1. Introverts are great listeners.
  2. Introverts think before they speak.
  3. Introverts are very observant and their ability to read the room is like a superpower as they can read facial expressions and body language and respond to others’ needs before they are voiced.
  4. Introverts are thoughtful networkers who take the time to get to know the people that they engage with.
  5. Introverts are highly compassionate leaders, and they don’t have to be in the spotlight or claim all of the credit for their group’s success. They are comfortable pointing out the strengths of their team.

The Extravert’s Secret Advantages

  1. Extraverts are very comfortable in social situations, which makes life easier for a leader.
  2. Extraverts are highly responsive and make decisions quickly when time is of the essence.
  3. Extraverts are naturally viewed as “leaders” due to the baked-in social bias in Western culture and so they are easily accepted by others as they take on leadership responsibilities.
  4. Extraverts can use their passion and positive personality as leadership tools due to their charisma.
  5. Extraverts model a “can-do” and “take-charge” attitude, and their natural self-confidence assures others that they are in good hands.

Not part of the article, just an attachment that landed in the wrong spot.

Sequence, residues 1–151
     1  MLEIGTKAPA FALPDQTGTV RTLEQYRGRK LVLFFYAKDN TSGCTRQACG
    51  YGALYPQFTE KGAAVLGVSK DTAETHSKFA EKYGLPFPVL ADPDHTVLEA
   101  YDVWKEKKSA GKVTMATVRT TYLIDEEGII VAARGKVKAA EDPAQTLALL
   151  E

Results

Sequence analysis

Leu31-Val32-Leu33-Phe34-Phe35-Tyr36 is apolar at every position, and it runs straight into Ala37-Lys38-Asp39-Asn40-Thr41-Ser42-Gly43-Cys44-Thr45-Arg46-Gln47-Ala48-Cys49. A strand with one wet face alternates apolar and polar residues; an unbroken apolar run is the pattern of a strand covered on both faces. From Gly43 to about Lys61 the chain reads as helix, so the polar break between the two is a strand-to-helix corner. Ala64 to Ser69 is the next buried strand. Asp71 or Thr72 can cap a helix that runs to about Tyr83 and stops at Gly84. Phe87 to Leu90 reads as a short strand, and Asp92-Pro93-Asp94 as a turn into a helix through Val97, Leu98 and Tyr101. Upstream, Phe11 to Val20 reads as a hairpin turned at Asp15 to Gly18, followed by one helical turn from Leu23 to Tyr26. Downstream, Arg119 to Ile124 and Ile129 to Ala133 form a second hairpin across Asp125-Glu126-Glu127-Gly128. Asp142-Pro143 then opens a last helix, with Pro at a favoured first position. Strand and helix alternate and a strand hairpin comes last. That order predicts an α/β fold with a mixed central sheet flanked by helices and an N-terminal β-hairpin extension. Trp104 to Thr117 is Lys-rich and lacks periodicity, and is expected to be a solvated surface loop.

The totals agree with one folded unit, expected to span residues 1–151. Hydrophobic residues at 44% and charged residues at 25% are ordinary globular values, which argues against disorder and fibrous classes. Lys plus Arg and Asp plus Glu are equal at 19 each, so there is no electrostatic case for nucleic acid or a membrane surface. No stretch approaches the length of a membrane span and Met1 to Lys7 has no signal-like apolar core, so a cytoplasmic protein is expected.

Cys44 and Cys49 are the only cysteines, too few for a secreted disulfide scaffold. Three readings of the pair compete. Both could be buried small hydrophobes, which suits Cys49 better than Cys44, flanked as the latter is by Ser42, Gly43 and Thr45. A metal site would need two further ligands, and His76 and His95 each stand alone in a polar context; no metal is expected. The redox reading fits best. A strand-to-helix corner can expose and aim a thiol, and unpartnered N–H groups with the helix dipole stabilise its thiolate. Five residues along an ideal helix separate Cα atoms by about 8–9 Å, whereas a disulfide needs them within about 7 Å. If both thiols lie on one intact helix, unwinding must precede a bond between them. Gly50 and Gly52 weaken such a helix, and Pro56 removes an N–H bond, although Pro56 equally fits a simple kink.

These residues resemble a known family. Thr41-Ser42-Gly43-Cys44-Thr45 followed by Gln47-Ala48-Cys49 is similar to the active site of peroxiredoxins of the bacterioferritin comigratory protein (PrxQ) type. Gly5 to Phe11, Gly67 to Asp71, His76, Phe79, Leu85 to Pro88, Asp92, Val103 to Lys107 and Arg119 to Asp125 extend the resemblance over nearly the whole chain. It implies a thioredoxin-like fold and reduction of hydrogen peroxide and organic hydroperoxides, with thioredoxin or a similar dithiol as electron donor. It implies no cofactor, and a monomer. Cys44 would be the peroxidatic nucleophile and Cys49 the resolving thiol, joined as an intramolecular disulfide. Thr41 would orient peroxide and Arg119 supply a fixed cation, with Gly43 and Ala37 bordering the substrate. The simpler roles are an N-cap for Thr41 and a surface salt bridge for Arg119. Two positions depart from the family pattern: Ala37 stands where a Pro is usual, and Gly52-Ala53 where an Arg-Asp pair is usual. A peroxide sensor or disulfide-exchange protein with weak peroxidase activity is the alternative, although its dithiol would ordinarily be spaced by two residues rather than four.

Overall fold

Tricks to Enhance an Introvert’s Leadership Strengths

  • Listen first, talk later. This inspires the feeling that you’re giving everything due consideration.
  • Step up when a crisis arises. This may feel hard to do, but the more you practice stepping up, the easier it becomes.
  • Push yourself to step outside your comfort zone. Leaders need to show courage, and this is one way to do it.
  • Take time to recharge so that you don’t let yourself get overwhelmed and compromise your effectiveness.
  • Use your writing skills to convey your message—taking time to write out your thoughts in a way that they carry the message you need them to carry is an excellent way to show leadership.
  • Practice your collaboration skills to encourage collaboration among team members and to show that you’re approachable and supportive of your team.

Tricks to Enhance an Extravert’s Leadership Strengths

  • When you hear yourself droning on, ask yourself, “Why am I talking right now?” Catch yourself when you are saying too much and leaving too little room for other voices in the discussion.
  • Practice “listening more” and “reflecting back.” This ensures that a dialogue and not just a diatribe is happening.
  • Don’t claim to be the “smartest person in the room.” You don’t have to prove anything to your team; let your actions do the talking for you.
  • Before meetings, let your team know what topics will be on the agenda. Introverts need time to process before they contribute to discussions, so alerting folks early ensures that your more introverted team members have time to think about the issues that will be at hand.
  • Be careful of oversharing—extraverts enjoy thinking out loud, but you don’t want to give the impression that you’re not prepared or that you’re indecisive. If you’re going to use a meeting to “brainstorm ideas,” make that clear so that folks know what is happening and don’t assume you’re being wishy-washy.
  • While some of us seem to be “natural-born leaders,” leadership is a skill that can be developed and improved with practice.


Kouzes, J., & Posner, B. Z. (2017). The Leadership Challenge. Jossey-Bass.